When Joey Belladonna finally rejoined the other members of Anthrax after a two-decade studio break from the band, some of us dared to hope for a return to the classic thrash stylings of 1985’s Spreading The Disease or 1987’s Among The Living.
Instead, 2011’s Worship Music continued to pump the more melodic songwriting muscles Anthrax had discovered on 1993’s Sound Of White Noise while drawing harder than ever on their trad metal roots. The result was a worthy return with some very strong songs, but one that ploughed a more simplistic road, steering away from the full-on thrash their hi-topped fans had been hoping for.
To be fair, Anthrax started out as a heavy metal band, as can be heard on their 1984 debut Fistful Of Metal. Having fired themselves out of that cannon, they sailed through the flaming hoop of 80s thrash metal, through hardcore, through the dark days of alt-rock, and now find themselves back in Metalville, standing on the shoulders of giants. Excitingly, For All Kings plays like the band’s overwhelmingly successful attempt, consciously or otherwise, to consolidate and reconcile their past and present – often within the very same song.
The opening You Gotta Believe signals that this is a more spirited and turbo-fuelled affair, being uptempo with a great riff and a killer chorus packing a hint of shoutalong NYC hardcore. Monster At The End pulls back to the kind of rolling tempo we’ve come to expect from post-thrash Anthrax, but is again more urgent, spikier and downright riffy. The joyously pounding Evil Twin is angrier than we’ve heard Anthrax in a while. That’s the main difference between this album and its predecessor: the added emphasis on intensity, without sacrificing any of the rich hooks. Indeed, Joey Belladonna sounds better than ever and really gets to show off on this record. Brilliantly, at the start of the title-track he sounds almost exactly like one of the band’s heroes, Ronnie James Dio. This song is one of the better examples of Anthrax’s new ‘consolidated’ approach, coming over like Dio singing thrash. Hooray!
The more melodic songs, like Breathing Lightning or Suzerain, are catchier than those on Worship Music, while benefiting from that extra oomph. Even the sprawling, eight-minute epic Blood Eagle Wings, builds from its opening Judas Priest chords to deliver a dynamic mid-section. Defend Avenge boasts a gnarly riff and a barked refrain that would’ve been at home on any 80s Anthrax album, while the wonderful _All Of Them _Thieves maintains the aggressively staccato assault. And like a love letter to their patient speed-loving fans, closer Zero Tolerance is proper thrash metal. The damn thing hurtles along at a pace comparable to 1985’s Gung Ho, while spraying contemptuous venom over hateful extremists of all stripes. Double hooray!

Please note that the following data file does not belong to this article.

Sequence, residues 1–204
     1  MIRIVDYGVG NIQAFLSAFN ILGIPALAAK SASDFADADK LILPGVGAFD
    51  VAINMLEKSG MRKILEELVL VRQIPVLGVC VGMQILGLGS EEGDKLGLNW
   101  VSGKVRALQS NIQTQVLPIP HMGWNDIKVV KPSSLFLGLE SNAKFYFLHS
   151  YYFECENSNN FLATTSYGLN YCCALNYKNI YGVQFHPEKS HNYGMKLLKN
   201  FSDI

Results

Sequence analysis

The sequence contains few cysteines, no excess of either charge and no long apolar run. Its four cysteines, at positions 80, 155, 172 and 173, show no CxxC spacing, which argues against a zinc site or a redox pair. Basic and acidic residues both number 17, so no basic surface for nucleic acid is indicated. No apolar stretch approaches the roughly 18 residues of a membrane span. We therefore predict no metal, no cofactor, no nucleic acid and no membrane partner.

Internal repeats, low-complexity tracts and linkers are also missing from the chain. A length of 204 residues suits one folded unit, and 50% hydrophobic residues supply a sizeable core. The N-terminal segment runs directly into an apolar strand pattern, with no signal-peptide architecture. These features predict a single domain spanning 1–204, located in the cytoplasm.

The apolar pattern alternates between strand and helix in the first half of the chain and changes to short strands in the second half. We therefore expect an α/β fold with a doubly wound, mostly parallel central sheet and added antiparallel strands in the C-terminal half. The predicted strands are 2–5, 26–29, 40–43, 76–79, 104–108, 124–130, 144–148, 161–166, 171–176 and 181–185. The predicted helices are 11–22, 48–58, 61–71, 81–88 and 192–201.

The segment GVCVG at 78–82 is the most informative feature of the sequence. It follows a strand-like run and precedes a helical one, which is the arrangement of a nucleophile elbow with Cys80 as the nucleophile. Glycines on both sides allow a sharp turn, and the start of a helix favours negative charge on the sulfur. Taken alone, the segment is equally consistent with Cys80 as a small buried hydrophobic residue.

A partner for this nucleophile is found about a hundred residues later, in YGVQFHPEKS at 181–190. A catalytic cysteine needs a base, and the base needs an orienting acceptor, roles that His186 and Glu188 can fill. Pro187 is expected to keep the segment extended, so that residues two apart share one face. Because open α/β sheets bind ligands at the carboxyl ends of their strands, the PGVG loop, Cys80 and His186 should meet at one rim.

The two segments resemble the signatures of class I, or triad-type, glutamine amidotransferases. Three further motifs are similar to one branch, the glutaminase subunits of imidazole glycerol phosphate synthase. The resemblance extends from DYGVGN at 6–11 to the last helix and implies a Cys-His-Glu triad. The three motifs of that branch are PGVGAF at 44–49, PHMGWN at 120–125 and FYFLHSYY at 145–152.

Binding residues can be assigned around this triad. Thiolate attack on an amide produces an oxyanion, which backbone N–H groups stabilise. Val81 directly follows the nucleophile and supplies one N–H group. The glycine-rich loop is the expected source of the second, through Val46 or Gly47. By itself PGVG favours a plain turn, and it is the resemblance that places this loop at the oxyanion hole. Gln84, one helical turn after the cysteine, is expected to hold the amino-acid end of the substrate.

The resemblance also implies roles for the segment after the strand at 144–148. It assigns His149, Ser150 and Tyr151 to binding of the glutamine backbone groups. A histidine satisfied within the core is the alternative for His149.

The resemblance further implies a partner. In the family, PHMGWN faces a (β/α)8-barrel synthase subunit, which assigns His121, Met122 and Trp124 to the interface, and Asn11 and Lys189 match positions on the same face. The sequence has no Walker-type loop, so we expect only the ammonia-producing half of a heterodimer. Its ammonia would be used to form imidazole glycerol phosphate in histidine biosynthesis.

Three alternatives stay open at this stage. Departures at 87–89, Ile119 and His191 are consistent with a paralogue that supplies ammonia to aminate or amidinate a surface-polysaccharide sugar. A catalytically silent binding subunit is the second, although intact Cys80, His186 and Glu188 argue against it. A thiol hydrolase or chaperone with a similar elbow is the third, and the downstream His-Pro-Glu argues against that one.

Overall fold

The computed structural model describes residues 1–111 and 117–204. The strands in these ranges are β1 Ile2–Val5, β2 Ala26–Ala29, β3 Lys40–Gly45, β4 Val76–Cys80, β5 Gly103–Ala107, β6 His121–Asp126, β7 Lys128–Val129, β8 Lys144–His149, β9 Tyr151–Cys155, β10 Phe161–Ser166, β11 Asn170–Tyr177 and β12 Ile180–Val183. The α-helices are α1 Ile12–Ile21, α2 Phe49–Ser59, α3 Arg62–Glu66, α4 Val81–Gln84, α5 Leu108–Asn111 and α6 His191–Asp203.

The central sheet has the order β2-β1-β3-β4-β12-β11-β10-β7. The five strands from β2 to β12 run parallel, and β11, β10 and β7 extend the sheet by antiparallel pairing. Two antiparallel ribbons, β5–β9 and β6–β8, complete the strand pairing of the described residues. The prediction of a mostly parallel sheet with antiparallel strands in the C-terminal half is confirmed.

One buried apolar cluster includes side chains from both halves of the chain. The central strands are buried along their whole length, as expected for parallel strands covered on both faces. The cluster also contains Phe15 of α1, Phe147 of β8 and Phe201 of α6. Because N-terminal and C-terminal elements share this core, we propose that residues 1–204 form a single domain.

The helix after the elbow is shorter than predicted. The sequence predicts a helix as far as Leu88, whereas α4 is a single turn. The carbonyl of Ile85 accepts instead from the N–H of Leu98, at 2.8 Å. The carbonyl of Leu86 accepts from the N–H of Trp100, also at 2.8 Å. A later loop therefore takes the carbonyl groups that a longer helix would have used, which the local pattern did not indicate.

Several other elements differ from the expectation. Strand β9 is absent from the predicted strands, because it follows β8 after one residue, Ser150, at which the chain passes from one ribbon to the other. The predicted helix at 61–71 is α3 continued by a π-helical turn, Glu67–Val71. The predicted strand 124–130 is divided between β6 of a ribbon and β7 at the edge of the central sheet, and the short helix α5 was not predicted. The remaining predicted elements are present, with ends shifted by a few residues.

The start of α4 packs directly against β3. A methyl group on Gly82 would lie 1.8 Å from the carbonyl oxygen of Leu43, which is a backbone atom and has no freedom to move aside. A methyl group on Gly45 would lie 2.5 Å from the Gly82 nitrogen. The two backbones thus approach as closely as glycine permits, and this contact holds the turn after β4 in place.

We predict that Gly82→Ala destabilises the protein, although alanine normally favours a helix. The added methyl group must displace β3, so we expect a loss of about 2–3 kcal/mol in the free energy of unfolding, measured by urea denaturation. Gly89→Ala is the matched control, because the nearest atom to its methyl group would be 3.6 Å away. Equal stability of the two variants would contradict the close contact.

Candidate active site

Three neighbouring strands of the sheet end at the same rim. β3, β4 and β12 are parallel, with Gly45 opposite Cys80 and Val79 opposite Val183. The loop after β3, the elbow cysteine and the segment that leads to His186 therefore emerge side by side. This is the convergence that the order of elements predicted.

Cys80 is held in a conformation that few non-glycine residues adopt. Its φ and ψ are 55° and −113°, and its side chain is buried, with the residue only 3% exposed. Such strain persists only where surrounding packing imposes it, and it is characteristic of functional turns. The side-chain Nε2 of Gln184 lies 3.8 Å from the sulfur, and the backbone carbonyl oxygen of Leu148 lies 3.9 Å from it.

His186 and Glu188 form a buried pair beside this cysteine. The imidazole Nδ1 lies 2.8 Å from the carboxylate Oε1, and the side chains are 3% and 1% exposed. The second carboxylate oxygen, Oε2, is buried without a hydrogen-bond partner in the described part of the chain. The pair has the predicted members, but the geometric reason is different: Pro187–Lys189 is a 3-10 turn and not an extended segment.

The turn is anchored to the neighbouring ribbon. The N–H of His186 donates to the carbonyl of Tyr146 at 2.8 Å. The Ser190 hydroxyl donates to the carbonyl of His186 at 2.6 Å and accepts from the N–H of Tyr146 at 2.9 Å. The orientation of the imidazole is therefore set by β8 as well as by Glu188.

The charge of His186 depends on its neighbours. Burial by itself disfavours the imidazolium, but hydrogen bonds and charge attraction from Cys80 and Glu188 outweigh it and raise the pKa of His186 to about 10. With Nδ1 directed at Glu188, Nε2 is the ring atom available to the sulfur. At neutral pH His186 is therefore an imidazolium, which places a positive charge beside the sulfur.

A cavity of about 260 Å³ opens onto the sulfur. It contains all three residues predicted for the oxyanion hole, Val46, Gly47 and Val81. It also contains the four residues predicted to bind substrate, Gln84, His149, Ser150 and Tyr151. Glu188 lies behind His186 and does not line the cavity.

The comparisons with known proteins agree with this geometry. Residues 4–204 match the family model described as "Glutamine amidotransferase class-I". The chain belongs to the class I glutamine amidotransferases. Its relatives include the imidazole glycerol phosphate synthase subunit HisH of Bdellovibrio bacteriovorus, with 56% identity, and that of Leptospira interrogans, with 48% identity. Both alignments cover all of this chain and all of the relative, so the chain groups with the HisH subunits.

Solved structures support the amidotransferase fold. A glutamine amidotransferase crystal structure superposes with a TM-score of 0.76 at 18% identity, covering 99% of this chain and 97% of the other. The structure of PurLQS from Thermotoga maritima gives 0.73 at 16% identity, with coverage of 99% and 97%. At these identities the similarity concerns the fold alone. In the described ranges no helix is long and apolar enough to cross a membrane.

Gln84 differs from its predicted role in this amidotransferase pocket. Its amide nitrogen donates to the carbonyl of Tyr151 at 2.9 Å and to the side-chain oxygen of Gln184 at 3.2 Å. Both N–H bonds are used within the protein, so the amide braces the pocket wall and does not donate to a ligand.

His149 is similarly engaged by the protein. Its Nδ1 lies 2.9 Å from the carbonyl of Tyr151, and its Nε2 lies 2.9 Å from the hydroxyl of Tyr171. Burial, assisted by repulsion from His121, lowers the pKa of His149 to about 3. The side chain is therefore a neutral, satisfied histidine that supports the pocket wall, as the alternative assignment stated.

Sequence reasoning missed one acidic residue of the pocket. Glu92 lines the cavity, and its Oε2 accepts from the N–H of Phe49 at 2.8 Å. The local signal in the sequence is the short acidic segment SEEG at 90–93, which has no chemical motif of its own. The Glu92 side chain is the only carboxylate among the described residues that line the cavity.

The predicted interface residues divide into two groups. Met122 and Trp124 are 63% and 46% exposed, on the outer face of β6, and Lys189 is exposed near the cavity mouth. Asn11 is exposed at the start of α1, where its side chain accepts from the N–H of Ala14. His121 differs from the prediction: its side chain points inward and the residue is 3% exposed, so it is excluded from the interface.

For All Kings comes within moshing distance of being an all-time great. Remember the towering monster at the end of John Carpenter’s 1982 horror classic The Thing, composed of all its past selves and howling like a pack of wolves? That’s Anthrax in 2016. Enjoy.
FOR ALL KINGS SEEMS TO PULL VARIOUS STYLISTIC STRANDS TOGETHER FROM ANTHRAX’S CAREER. DID YOU INTEND FOR IT TO HAVE SOMETHING FOR EVERYONE?
“We didn’t actually think of it in that way. We just always try to write the best songs possible. If you do that, the rest will take care of itself.”
WHY THE FIVE-YEAR GAP BETWEEN WORSHIP MUSIC AND THIS ALBUM?
“It’s all down to touring. We played well over 300 shows across the world for Worship Music, so we were on the road for a lot of that five-year gap between albums.”
HOW TRUE IS IT TO SAY THAT WORSHIP MUSIC WAS ABOUT ESTABLISHING THAT YOU COULD RECORD WITH JOEY BELLADONNA AGAIN, WHEREAS FOR ALL KINGS HAS BEEN MORE ABOUT MOVING FORWARDS?
“I think Worship Music did a lot of great things for Anthrax and it gave us a lot of momentum once more. It’s been a great vibe going into For All Kings – we are still a very hungry band looking forward to the future.”
WHICH OF THESE NEW SONGS ARE YOU MOST LOOKING FORWARD TO PLAYING LIVE, AND WHY?
“I’d play any one of the tracks live. That’s how much I’m into For All Kings!”
TO WHAT EXTENT DO YOU FEEL PRESSURE FROM AMONG THE FANS TO RE-EMBRACE THE CRUNCHY THRASH OF 1987?
“There’s no point trying to recreate the past, it can’t be done. We just move forward and write the best songs we can!”